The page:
“Hospitals are becoming more and more mobile. I think it is fair to say that there is nothing more private than your medical information, but almost nothing is being done to secure your medical records and your personal health records by hospitals around the region.

“Data can live on these mobile devices without any security.”

He recommends protecting against physical loss of devices containing healthcare information through measures that can range from encryption, to what amounts to a self-destruct option: if a device leaves the hospital network for a specified amount of time, it wipes its hard drive and locks itself.

Ironically, despite fears about unprotected patient records, another widespread issue for the healthcare industry is information sharing between hospitals. A lack of standardised hospital systems and processes means one hospital’s IT system may not ‘talk’ to another. As a result, users can find it difficult, or even impossible, to share data across healthcare providers. And if a single hospital is supporting several IT solutions, users within the same facility can find themselves unable to exchange information.

Qaisar Radwan is project manager, healthcare informatics, for ITQAN, a systems integrator that works on hospital databases in the UAE. He says that something needs to be done to centralise national patient information.

“Countrywide, we don’t have something like unique patient ID over all the country,” he says. “The information between different hospitals and the medical reports and the patient history needs to move with the patient wherever he goes to, so whatever the hospital is he can get treatment there.

“I believe this is priority number one, to make the linkage between all hospitals in terms of the IT, rather than physical files, between different hospitals and referrals. Each hospital has its own small database with a limited functionality. There is no information shared between hospitals. This is the main problem in the UAE healthcare sector.”

Radwan hopes that ITQAN will be able to improve this situation. “In the UAE we have almost all of the government hospitals as our clients right now, so we are talking to them to create this kind of cloud for information sharing and communication between all of them,” he says.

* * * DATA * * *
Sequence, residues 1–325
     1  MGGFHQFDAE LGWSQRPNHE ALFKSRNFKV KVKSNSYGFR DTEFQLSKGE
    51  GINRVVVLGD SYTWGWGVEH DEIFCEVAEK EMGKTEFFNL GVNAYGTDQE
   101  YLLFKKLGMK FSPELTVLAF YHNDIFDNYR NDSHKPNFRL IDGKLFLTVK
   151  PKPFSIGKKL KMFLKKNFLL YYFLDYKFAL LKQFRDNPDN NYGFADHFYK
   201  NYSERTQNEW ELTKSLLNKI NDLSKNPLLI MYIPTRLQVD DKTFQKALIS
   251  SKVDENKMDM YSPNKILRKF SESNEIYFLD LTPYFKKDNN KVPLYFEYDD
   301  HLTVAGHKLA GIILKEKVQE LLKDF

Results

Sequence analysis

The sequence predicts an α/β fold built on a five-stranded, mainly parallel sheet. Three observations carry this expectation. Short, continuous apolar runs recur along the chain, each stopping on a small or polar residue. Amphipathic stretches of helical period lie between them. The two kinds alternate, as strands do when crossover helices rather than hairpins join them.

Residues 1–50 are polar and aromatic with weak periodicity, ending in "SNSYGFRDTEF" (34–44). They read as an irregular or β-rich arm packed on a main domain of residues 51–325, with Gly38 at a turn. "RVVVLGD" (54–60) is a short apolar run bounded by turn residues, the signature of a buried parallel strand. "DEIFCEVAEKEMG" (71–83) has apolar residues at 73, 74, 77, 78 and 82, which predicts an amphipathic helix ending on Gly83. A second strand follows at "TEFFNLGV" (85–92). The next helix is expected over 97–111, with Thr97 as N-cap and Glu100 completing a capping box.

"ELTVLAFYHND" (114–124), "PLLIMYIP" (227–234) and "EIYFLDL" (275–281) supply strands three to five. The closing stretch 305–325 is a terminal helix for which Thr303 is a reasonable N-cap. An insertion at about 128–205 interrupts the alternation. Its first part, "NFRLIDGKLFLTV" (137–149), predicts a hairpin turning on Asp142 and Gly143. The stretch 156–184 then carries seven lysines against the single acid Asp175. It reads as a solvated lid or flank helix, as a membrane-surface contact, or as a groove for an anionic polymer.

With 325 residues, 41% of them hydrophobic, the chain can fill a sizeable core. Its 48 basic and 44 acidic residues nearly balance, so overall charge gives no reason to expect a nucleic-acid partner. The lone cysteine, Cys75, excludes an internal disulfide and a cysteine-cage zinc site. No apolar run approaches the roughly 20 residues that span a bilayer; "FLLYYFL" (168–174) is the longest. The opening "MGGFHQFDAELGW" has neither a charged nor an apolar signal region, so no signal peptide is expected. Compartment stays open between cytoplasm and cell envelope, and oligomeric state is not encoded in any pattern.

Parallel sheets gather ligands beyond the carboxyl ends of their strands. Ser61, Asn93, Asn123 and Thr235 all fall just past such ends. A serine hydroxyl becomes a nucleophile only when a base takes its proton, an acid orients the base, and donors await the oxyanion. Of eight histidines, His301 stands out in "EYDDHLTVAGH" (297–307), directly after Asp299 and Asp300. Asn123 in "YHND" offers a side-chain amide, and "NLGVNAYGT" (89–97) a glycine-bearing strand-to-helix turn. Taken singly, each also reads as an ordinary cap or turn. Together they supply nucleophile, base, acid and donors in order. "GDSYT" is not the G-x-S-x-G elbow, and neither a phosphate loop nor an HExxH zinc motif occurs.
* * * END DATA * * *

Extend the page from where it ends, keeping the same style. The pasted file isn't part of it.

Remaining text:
However, nothing has been approved yet and hospitals currently have access only to their own databases and health card data from the Ministry of Health. “We are creating an opportunity for the country to move ahead rather than just specific hospitals,” says Radwan. He anticipates that a centralised record of patient information will be available in the UAE within three to five years.

An equally pressing issue, if the US trend is anything to go by, is the trend towards home-based patient care. Because this involves remote monitoring of chronic conditions and programme management, it’s vital that physicians are able to reliably access remote data. Partially as a response to ths problem, the Continua Health Alliance, featuring major IT vendors such as Intel, Cisco Systems, IBM, Philips and Samsung, was established last month. The Alliance aims to create guidelines to ensure interoperability between home healthcare systems, which use remote devices to manage chronic conditions and personal fitness outside hospital.

“Continua is dedicated to the idea that we will build a common data framework for medical monitoring in the home environment,” says Intel’s Blatt. He hopes that the project will help spur a similar standardisation in hospital systems.

“I think it’s going to be harder, but if Continua is successful it can be a model,” he says. “As clinical trials become more and more complex to do, you’re starting to see a driving force behind standardising research and combining research with point of care technology.

“(For example) HL7 v3 RIM is a model that’s starting to develop for care. But you have C-DISC as a model that’s being developed for research, and they (the two systems) don’t talk to each other. This is not good. So the very good news here is that in January this year, HL7 and C-DISC announced a BRIDG harmonisation language between HL7 and C-DISC so we’re actually starting to see some of the major standards organisations saying ‘we’ve got too many standards, let’s see if we can harmonise’.”